Christmas customs – 1790’s to now


We take so many Christmas customs for granted that we almost assume that they have always been enjoyed. Not so. A visit to Colonial Williamsburg, for example, reveals a village decorated with candles and evergreen boughs. Where are the trees splendid with glittering ornaments? Where are the Christmas cards?

From its early days, Christians celebrated the Nativity. The giving of presents, the decoration of the houses with evergreens, the suspension of enmity and the proclamation of peace were all features of the festival right from the beginning. (That is, with some interruptions. The Puritans thought the celebrations took away from the worship of God and banned all jollity.) Some of the customs common during this period aren’t so familiar to us now. The Lord of Misrule? What does that even mean? ( The Lord of Misrule was usually a servant or a slave who presided over the Christmas revels. He had the power to make anyone do anything during the season.  )The switching of masters and servants ?

It is true some of our traditions have roots stretching back to antiquity. Caroling, for example, has been a feature of the season since the middle ages. Wreaths also have a long history. The Etruscans used wreaths, a tradition that continued into Ancient Greece and Rome. The different plants symbolized different virtues. Oak leaves meant wisdom. Laurel leaves were used to crown winners. Our evergreen wreaths are constructed of evergreens to represent everlasting life. The Advent wreath, with its white candles, was first used by Lutherans in Germany in the 16th century.

What about the hanging of stockings?

Well, this tradition has a long history. According to some historians, this is a custom that stretches all the way back to Odin. Children put out their boots filled with food for Odin’s horse to eat and Odin would reward them with gifts or candy. Like so many pagan customs, the practice was adopted and Christianized. Hanging stockings became connected with Saint Nicholas.

So, let’s talk about Old Saint Nick, known in the US as Santa Claus.

The modern Santa Claus grew out of Saint Nicholas, a fourth century bishop, as well as the German Christkind and the Dutch Sinterklaus. Christmas had been personified -made into a person – as early as the fifteenth century but the modern Santa Claus in his red suit is a nineteenth century creation that has been added onto over the years. Now even several reindeer have names, courtesy of the poem “The Night Before Christmas” (originally titled “A visit from Saint Nicholas) by Clement Clarke Moore. The Santa Claus so beloved of today’s children had not been invented yet.

Other nineteenth century inventions include the Tree, the lights on the tree and Christmas cards, Although known in England before Queen Victoria married Prince Albert,  it did not achieve its popularity until the Queen adopted it. Like so many British customs, this one crossed the Atlantic. Our Christmas lights are descended from the candles used to decorate the tree in Christian homes in early modern Germany. And the first commercial Christmas cards were not created until 1843. And that was in England. Cards did not cross the Atlantic until 1874.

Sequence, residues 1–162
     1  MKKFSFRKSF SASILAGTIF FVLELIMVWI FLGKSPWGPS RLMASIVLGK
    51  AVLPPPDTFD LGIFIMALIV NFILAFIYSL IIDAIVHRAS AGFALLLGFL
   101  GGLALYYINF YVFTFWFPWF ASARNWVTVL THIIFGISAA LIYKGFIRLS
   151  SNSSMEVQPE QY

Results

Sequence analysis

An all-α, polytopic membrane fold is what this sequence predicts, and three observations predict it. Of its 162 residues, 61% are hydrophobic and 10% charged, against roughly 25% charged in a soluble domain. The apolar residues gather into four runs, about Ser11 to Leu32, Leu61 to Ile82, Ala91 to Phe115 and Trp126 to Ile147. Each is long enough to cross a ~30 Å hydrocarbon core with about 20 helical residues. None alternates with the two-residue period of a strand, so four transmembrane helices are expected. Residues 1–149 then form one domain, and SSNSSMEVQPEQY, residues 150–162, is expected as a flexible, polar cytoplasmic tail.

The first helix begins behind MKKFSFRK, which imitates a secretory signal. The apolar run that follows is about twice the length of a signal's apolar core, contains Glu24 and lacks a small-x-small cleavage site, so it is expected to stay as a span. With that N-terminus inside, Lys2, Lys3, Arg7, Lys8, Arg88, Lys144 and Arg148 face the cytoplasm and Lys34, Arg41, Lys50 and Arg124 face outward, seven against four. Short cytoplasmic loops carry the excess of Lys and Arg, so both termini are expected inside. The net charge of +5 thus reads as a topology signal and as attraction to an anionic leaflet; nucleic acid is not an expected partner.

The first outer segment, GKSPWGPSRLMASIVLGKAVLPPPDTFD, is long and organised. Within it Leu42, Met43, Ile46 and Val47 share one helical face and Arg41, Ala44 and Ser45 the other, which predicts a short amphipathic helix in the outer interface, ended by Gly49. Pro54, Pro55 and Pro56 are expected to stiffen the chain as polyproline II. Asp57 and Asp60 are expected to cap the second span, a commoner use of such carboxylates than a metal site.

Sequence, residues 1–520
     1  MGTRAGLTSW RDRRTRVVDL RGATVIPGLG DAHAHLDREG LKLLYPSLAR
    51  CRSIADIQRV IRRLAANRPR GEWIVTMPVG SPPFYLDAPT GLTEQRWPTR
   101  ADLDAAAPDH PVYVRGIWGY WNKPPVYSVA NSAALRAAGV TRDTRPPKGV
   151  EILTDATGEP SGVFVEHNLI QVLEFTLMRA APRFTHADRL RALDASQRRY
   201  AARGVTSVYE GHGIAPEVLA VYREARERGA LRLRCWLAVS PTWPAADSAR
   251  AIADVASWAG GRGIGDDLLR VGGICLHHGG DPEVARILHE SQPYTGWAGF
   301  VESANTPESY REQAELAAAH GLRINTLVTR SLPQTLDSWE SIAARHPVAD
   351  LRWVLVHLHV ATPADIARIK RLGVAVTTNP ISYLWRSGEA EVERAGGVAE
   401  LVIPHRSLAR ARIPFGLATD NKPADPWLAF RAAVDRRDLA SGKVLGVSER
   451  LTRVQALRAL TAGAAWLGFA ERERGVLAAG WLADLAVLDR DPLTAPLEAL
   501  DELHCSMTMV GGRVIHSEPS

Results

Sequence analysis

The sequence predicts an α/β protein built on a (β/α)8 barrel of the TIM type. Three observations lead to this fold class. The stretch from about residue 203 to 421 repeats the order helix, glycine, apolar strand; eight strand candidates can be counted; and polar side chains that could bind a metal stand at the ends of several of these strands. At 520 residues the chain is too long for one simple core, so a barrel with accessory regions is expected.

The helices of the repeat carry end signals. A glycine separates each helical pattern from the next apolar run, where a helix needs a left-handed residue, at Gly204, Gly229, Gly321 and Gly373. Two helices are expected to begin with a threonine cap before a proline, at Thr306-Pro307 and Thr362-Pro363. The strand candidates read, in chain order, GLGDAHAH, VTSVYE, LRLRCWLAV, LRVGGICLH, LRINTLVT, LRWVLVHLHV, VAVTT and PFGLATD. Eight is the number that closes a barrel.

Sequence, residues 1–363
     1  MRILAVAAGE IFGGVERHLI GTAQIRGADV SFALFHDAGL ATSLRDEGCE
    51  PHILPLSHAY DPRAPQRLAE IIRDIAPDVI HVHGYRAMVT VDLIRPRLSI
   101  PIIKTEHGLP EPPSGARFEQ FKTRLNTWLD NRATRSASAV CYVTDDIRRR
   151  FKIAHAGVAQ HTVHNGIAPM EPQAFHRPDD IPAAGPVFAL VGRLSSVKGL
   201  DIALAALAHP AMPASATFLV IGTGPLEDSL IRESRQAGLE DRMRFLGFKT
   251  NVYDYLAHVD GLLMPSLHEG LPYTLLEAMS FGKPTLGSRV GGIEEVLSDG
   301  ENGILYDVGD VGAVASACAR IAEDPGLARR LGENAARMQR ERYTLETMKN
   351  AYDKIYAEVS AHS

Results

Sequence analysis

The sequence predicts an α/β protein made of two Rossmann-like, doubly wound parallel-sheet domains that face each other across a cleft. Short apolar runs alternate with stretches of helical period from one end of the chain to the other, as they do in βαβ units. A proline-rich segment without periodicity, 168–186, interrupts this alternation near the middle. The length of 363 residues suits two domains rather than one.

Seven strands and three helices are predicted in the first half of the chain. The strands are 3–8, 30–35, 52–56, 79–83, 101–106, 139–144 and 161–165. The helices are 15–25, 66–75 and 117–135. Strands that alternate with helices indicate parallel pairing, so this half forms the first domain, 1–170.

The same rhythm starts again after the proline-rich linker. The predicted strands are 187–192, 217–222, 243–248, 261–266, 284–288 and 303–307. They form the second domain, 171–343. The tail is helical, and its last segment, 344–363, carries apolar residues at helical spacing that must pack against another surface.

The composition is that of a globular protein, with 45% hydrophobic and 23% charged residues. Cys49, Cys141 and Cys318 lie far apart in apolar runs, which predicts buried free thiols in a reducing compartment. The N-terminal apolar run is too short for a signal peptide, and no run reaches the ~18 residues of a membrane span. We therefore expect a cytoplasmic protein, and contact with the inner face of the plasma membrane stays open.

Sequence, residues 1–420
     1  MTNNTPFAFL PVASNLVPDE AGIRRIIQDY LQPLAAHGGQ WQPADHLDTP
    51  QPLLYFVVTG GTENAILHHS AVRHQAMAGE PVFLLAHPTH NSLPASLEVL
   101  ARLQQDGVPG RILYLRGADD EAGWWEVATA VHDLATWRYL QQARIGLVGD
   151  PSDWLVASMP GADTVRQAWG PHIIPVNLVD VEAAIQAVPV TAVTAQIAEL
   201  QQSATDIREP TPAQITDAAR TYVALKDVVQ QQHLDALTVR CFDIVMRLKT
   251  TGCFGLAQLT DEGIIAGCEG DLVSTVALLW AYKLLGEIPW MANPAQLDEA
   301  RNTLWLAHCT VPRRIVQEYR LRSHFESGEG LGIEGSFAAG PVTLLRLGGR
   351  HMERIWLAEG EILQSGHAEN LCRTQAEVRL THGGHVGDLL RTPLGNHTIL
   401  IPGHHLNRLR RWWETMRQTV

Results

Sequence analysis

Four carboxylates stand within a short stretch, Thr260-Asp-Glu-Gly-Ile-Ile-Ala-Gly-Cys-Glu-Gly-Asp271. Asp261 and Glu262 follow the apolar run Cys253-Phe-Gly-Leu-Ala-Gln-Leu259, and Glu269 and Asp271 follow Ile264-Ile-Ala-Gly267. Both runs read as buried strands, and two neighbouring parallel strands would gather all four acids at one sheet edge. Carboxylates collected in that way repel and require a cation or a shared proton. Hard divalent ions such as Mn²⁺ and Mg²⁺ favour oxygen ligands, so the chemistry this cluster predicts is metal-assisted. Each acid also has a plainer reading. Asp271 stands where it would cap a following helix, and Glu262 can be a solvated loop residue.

Nutcracker dolls were known as early as the seventeenth century but were not connected to Christmas until later.

So Will Rees and his family would not have been familiar with most of the customs we think of as essential to the Celebration of the holiday. And more customs continue to be created. In my family, the holiday is not complete without a showing of National Lampoon’s Christmas Vacation.


thanksgiving and other holidays

I recently read an article that claimed that people who worked at home were more efficient.  Apparently studies suggest workers waste a lot of time socializing with co-workers.

Well, maybe. As someone who works at home (a writer !) I am not so sure that article is correct. When I write early in the morning, I am uninterrupted. Later in the day, interruptions come fast and furious – anything from phone calls to mail to my husband. And I have found the interruptions even more constant with the beginning of the holidays.

We had 16 guests for a total of 18 people; 9 adults and 9 kids. (I won’t describe the ruin of my basement.) Prep and purchasing Christmas presents for family members who won’t be with us for that occasion, have absorbed at least a month.

Some of the dinner conversation concerned shopping on Thanksgiving itself, whether the store should open or not. Pretty much everyone agreed that it was terrible and no one planned to shop. They couldn’t anyway, since they were at my house, and the final guest left at 9:30 pm.

That sparked my interest in Thanksgiving. I mean, everyone knows the story about the Pilgrims and the Indians who came to the first Thanksgiving. I always believed this holiday continued on in an unbroken line since 1621. Well, not so much.  Until the time of Lincoln, Thanksgiving’s date varied depending upon the state. And some states did not observe it at all. The final Thursday in November did not become the usual date until the 1800’s. President Lincoln declared by proclamation that all states should observe Thanksgiving on the same date in 1863.  Since this was during the Civil War, I would guess many of the Southern states elected not to comply.

Anyway, during the later third of the 19th century, the final Thursday in November became Thanksgiving. Ah, but we celebrate it the fourth Thursday. Yes, we do. Franklin Roosevelt changed the date in 1941 in an effort to give the economy a boost. He thought the extra time before Christmas might give people more time to shop.

I wonder what he would think of this most recent change.